28 Mar 2019, 10.00

Rural Ireland needs additional policing with better resourcing designed to reduce crime and raise confidence in An Garda Síochána, the Joint Committee on Justice and Equality finds in a report published today.

The Report on Community Policing and Rural Crime makes 20 recommendations. It summarises the Committee’s findings from its meetings with key stakeholders, including police commanders from both sides of the border, international and local policing reform advocates, and community and farming leaders from across Ireland.

“The Committee strongly believes that the philosophy of community policing should underpin policing practice in Ireland,” said Justice Committee Chairman Caoimhghín Ó Caoláin TD.

The report’s recommendations to promote community policing include:

  • The Department of Justice & Equality and An Garda Síochána should implement the recommendations on community policing made by the Commission on the Future of Policing in its 2018 report.
  • The Commission’s model for district community policing could be strengthened by assigning a dedicated officer or unit as a first point of contact for each community.
  • Rural areas that lost Garda stations and a regular police presence during the financial crisis should have vacant positions filled and receive priority for new resources, including by redeploying Gardaí from administrative posts to front-line district roles.
  • Gardaí should place renewed emphasis on early intervention, risk assessment and crime prevention aimed at young people in cooperation with Garda Youth Diversion Projects.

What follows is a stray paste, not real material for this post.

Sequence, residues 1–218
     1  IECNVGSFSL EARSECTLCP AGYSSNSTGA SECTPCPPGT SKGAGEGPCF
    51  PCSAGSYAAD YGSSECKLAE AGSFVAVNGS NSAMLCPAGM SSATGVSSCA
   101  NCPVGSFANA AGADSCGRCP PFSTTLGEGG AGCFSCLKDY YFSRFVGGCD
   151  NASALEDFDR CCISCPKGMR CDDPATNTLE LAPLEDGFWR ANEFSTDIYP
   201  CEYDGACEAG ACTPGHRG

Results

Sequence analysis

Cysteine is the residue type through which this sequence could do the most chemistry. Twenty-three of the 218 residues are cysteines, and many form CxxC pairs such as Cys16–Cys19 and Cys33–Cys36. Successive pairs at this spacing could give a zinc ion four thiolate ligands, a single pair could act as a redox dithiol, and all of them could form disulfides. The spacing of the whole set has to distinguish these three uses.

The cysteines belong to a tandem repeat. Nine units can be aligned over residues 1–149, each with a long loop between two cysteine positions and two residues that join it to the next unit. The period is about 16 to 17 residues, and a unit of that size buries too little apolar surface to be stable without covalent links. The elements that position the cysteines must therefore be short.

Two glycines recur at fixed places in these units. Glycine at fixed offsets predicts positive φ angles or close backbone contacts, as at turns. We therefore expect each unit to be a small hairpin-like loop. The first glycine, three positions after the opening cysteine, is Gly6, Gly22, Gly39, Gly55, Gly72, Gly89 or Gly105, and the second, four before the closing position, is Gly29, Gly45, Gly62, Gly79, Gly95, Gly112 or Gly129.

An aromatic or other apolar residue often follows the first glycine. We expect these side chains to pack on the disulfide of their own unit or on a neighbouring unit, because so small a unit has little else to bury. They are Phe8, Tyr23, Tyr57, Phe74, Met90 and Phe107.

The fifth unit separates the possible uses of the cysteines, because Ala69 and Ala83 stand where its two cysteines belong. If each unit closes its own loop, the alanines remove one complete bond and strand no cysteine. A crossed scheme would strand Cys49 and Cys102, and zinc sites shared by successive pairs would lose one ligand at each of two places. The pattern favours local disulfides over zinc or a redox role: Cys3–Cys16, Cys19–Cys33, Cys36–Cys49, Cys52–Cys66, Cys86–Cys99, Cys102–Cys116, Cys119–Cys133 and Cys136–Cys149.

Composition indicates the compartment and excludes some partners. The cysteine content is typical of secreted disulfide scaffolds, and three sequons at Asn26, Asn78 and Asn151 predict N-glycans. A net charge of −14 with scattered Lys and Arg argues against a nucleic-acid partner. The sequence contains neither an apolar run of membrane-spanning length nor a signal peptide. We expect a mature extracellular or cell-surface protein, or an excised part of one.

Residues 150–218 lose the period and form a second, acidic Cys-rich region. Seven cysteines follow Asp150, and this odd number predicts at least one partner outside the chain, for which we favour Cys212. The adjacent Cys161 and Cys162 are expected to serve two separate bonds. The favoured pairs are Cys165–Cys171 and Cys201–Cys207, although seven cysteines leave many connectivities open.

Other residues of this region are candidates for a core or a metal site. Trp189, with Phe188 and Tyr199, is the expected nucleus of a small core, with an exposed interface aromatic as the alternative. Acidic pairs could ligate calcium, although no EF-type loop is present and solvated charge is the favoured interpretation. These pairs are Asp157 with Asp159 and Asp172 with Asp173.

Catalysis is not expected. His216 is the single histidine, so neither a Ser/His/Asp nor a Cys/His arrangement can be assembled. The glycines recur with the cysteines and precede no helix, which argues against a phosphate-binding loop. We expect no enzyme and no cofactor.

• Officers need better training and 24/7 specialist support for managing people with mental health issues who are self-harming or harming others.

“Community policing promotes local problem-solving strategies to address the underlying causes of crime, whilst also addressing the fear of crime by providing reassurance to communities,” Deputy Ó Caoláin said. “Proactively addressing problems within communities, rather than reacting to crimes already committed, should become the organising principle of police activity.”

The report’s recommendations to reduce rural crime include:

  • Gardaí should boost rural patrolling and hold regular meetings in community centres to counteract social isolation in communities where Garda stations have closed.
  • Communities should install CCTV monitoring with the assistance of more advance funding and streamlined grant applications. Legislation could clarify the role of State agencies in oversight of CCTV schemes and data management.
  • Combatting cross-border crime will require more interagency co-operation between An Garda Síochána and the PSNI, customs authorities, and the relevant government departments on both sides of the border.
  • Muintir na Tíre should receive renewed funding for its Community Alert and Text Alert schemes aimed at easing rural isolation and the fear of crime.
  • The IFA-operated Theftstop programme, which puts unique ID marks on property, should be expanded to include CESAR scanning equipment for police to track and locate stolen property across Europe.
  • Gardaí should use social media more effectively to drive engagement with isolated communities.

Read the Report on Community Policing and Rural Crime here.

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